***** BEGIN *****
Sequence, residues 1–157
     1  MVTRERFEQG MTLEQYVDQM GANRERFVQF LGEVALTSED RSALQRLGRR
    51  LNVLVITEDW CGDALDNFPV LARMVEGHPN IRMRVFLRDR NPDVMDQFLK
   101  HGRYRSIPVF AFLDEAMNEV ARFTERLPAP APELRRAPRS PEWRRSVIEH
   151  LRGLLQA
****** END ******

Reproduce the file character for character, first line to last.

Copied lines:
Sequence, residues 1–157
     1  MVTRERFEQG MTLEQYVDQM GANRERFVQF LGEVALTSED RSALQRLGRR
    51  LNVLVITEDW CGDALDNFPV LARMVEGHPN IRMRVFLRDR NPDVMDQFLK
   101  HGRYRSIPVF AFLDEAMNEV ARFTERLPAP APELRRAPRS PEWRRSVIEH
   151  LRGLLQA